Over programming disrupting the flow of exports


Jan 20 - 26, 2003




The flow of textile exports to the European Union (EU) has been disrupted following a decision by the EU Commission to put an embargo on the imports of certain categories in which over programing was done by the exporters against the allotted quota.

The embargo has been imposed on category 6 (shorts and pants) and bedlinen. However, the EU Commission which had disallowed the special flexibility quota of 4000 tons annually, has allowed flexibility quota of 2000 tons in category 9 (towels). This would, however, provide relief to the exporters who have already made shipments in this category.

It may be mentioned that the EU Commission has already initiated anti-dumping proceedings on bedlinen imports from Pakistan. Pascal Lamy, EU Commissioner for trade in a meeting with Pakistan's Minister for Commerce, Humayun Akhtar who visited EU in connection to get relief especially to get flexibility quota, has said that the process for anti-dumping could not be interrupted at this stage as the legal course has to be completed in normal course.

Pakistan textile exports, it may be recalled, had an edge over its counter parts especially over India because Pakistani goods were free from any anti-dumping or regularity duties as compared to Indian goods on which the antidumping duty was already imposed. However, some circles in the textile sector say that anti-dumping duty and embargo on certain categories has come in mainly because over programing of the quota by the exporters. It is said that a large size of over shipped consignments of textile goods are stuck up at different ports of the EU states. Pakistan's Minister for Commerce had visited EU to get this problem sorted out with the EU Commission.

Contrary to the usual practice, the EU which generally allows special flexibility quota of around 4000 tons in different categories did not give its consent for flexibility which created hardships for the exporters indulged in over programing.

The hanging shipments waiting for clearance are in category 6 of around 2.88 million pieces against its annual allowed quota of 46 million pieces, while in category 20, the over shipment is around 1200 tons against the allowed quota of 50,000.

The Export Promotion Bureau reacting over the situation has suspended the licence for the export of bedlinen to EU obviously to avoid over programing which resulted over-shipments and initiation of anti-dumping proceeding by the European Commission against Pakistan cotton type bedlinen. In order to avoid recurrence of such a situation and let the exports to sail on a smooth keel, people at the helm of affairs are required to be cautious about any step on the part of the exporters which might result in creating problems for the private sector it self.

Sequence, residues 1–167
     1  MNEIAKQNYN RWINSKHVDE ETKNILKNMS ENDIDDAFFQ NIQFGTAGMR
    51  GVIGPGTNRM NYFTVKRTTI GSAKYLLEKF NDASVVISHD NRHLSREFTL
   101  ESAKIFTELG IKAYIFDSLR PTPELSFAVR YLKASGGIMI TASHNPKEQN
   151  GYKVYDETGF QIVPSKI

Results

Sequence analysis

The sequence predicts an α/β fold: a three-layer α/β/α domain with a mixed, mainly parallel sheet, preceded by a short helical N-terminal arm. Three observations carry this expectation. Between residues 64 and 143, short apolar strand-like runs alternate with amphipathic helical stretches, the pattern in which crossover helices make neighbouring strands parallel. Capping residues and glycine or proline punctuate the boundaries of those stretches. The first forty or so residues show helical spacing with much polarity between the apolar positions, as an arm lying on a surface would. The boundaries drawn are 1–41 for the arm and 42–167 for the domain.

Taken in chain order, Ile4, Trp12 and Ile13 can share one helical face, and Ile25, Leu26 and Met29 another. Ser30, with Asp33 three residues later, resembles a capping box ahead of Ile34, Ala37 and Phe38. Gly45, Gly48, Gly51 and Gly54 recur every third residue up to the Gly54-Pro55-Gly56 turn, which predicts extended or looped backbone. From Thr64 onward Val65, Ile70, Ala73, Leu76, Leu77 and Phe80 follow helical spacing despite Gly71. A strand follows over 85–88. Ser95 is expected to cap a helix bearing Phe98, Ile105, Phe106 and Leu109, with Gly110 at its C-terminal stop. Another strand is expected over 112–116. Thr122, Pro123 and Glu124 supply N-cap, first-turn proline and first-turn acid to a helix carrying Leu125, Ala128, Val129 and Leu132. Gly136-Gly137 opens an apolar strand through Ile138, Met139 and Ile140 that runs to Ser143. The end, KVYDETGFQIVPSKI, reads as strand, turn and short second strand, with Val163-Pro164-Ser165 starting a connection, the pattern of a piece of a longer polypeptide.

Currently, the textile sector has performed exceptionally well during the first half of the current year and if the current pace for progress maintained the textile sector alone would help getting country's overall exports well ahead target at the end of the current financial year. The current financial year has seen a continuation of the shift in Pakistan's export structure towards manufactured goods which reached an all time high of the total exports. Although in the backdrop of September 11 events the Western world especially, the EU and US have given special incentives to Pakistan's export sector, yet the Asian region still remains the largest export market for Pakistani products.

During the previous year, the total export earnings fetched by the textile sector were estimated at $5.8 billion. The textile sector is performing even better as compared to the previous year and seems to improve its overall contribution to the export earnings this year. All these outstanding achievements by the textile sector are the result of enhanced market accessibility as well as successful Balancing-Modernisation-Replacement (BMR) drive currently underway to revitalize the textile sector to face the challenges of a quotafree environment from 2005.

In the previous year, quota exports accounted for 39.8 per cent of total export of textile manufactures and earned $2.3 billion registering a 1.7 per cent growing over financial year 2001. Exports of non-quota textile items earned an additional $1.4 billion, showing a 5.3 pr cent increase over the previous year.

During the second half of the financial year 2002 quota exports to EU depicted a slightly higher growth of 11.3 per cent which clearly shows that impact of 15 per cent quota increase from January last year. On the other hand, the impact of quota enhancements by the USA is not yet clearly visible as textile industry in the US is already facing difficult times due to economic depression.

There are strong indications that the textile sector in Pakistan is gradually getting into a position where it can perform without the quota support and protections as a result of an impressive investment on BMR, which ultimately leading towards value-addition and quality improvement. The light at the end of the tunnel is getting bright and hopefully, the textile sector which is undoubtedly the mainstay of the national economy would rise to the occasion in a free trade environment in the years to come. The sector, however, speed-up its efforts to be able to compete in the open global market.